2. Like the first crosshair, we will export this one to our FlashAssets folder in: CRYENGINE Projects\your_project\Assets\libs\ui\FlashAssets.

  3. Drag the CrosshairAnimated.swf onto the GFxExport1.exe - Shortcut.exe in the FlashAssets folder, and convert the file. Once converted, drag the CrosshairAnimated.gfx into the \ui folder.

  4. In the UIElements folder, we need to make a new .xml for our new CrosshairAnimated.gfx. Copy and paste the existing crosshair.xml, and open it in a plain-text editor so that we can make the necessary changes.

    While there are some similarities between this .xml and our previous .xml for the static crosshair, there are a few important changes that need to be considered. Mainly, we will be adding a functions line below our GFx line so that CRYENGINE is aware that it will not only be loading our .gfx, but that this .gfx has functions attached to it that need to be loaded in Flow Graph.

    Code Block
    <UIElements name="HUD">     
       <UIElement name="Animated Crosshair">  
    	<GFx file="CrosshairAnimed.gfx" layer="0">                 
    		<Align mode="dynamic" valign="center" halign="center"/> 
    		    <function name="shoot" funcname="shoot"/> 

  5. Save the CrosshairAnimated.xml when it looks identical to what you see here.

    A common mistake when copying and pasting .xml is making all the correct changes, but not updating the .gfx line to reflect the new .gfx, and leaving in the old .gfx file name from the .xml we copied. Make sure you update this line.

Scripting the Crosshair

With the CrosshairAnimated.xml saved in the UIElements folder, we can now open CRYENGINE 5.7 LTS and begin applying our crosshair and its functions.

  1. With the project open in CRYENGINE, open the existing Flow Graph. 

  2. First, we want to change our old crosshair for our new one, so in the UI:Display:Display node, swap out the crosshair element for Animated Crosshair.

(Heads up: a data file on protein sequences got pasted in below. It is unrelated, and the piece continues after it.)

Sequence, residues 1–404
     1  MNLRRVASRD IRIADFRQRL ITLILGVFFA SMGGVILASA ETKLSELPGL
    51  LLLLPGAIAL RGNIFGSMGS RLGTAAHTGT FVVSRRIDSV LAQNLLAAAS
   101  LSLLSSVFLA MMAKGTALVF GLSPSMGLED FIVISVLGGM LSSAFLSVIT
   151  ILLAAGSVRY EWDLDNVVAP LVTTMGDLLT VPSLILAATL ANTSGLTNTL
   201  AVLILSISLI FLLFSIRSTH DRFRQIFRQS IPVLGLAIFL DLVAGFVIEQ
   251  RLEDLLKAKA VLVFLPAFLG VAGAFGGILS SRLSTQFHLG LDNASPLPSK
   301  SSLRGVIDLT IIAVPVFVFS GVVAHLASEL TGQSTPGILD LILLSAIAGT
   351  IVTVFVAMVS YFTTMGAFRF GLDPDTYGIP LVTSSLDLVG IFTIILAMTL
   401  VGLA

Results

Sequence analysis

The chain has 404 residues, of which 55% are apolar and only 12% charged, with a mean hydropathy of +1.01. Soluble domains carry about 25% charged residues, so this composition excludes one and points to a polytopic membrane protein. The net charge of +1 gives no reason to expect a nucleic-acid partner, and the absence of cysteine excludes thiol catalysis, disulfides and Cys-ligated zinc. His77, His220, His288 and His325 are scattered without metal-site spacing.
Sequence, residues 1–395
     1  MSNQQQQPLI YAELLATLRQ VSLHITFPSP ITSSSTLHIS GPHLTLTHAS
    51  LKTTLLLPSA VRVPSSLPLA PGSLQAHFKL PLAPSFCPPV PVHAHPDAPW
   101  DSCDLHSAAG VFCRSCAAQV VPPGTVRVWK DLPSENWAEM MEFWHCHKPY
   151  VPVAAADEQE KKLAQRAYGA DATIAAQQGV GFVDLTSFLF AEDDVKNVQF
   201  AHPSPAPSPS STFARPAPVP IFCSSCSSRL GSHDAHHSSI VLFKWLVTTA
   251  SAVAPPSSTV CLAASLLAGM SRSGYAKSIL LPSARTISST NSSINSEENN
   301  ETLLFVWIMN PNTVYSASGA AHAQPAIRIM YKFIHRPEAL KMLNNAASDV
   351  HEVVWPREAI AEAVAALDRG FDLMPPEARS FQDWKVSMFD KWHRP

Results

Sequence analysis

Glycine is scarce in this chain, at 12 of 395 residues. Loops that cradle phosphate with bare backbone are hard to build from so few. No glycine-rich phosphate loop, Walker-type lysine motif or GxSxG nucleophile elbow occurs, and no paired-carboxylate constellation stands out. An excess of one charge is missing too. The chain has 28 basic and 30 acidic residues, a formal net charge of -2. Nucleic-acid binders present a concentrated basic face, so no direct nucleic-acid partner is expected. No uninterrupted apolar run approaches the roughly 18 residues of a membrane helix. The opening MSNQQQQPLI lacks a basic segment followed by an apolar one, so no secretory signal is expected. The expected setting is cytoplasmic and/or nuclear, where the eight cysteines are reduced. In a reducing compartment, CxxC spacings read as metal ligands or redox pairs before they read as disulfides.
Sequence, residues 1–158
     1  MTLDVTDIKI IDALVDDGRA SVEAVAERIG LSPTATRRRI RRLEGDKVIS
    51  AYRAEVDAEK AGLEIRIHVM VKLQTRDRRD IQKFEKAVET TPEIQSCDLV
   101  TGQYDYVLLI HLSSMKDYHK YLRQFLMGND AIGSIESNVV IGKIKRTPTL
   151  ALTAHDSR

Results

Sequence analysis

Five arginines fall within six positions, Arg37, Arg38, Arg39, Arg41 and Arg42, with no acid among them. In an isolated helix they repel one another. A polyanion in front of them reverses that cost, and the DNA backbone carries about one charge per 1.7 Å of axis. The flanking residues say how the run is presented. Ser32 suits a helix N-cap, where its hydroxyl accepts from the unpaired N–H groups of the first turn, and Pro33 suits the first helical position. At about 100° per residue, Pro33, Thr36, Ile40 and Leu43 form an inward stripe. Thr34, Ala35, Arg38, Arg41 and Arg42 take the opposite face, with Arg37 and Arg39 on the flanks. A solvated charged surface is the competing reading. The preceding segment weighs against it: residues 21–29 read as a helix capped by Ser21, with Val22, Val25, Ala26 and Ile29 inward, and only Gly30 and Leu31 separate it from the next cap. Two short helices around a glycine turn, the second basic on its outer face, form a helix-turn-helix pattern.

If you don’t see the new Animated Crosshair as one of the options to choose in the pop-up window, it is likely an error in your CrosshairAnimated.xml.

  3. Select the Game:Start node's Output and drag it into theUI:Display:Display node's Show input. With this setup, the new crosshair will work in the game, but in order for it to animate, we need to tie the functions together with an action that will trigger them.

  4. Right-click in the Flow Graph, and add anInput:ActionMaps:ActionListenernode.

  5. In the  Input:ActionMaps:ActionListener node, select the ‘..’ next to Actions, and in the pop-up window, select Player → Shoot. The default templates in CRYENGINE come with ActionMaps assigned to the player, which are coded in C++, and can be modified with code. There are several included actions in the template, one being shoot which is triggered by pressing the left mouse button.

  6. Select the Game:Start node's Output and drag it into the Enable input of the Input:ActionMaps:ActionListener

  7. The action for shooting is now in our Flow Graph, and now we need to actually bridge the shoot actionwith the shoot function of our Animated CrosshairTo do this, we need to add a UI:Functions:Animated Crosshair:shoot node.

  8. Once added, drag the Hold output of the Input:ActionMaps:ActionListener node to the Call input of the UI:Functions:Animated Crosshair:shoot node. 

  9. With all of our nodes connected, we can hit CTRL+G and test this in game mode:

You can take advantage of the other actions that come built in to the CRYENGINE template by creating more Input:ActionMaps:ActionListener nodes and changing selecting the other default actions (move forward, move backwards, move left, move right.) and linking them to more UI:Functions:Animated Crosshair:shootnodes. 

This will make it so not only does the crosshair expand when you shoot, but also when you walk around.


This concludes the tutorial. To learn more about the UI in CRYENGINE and/or other topics, please refer to the CRYENGINE V Manual.

Video Tutorial

You can also follow this tutorial series in video form on our YouTube channel.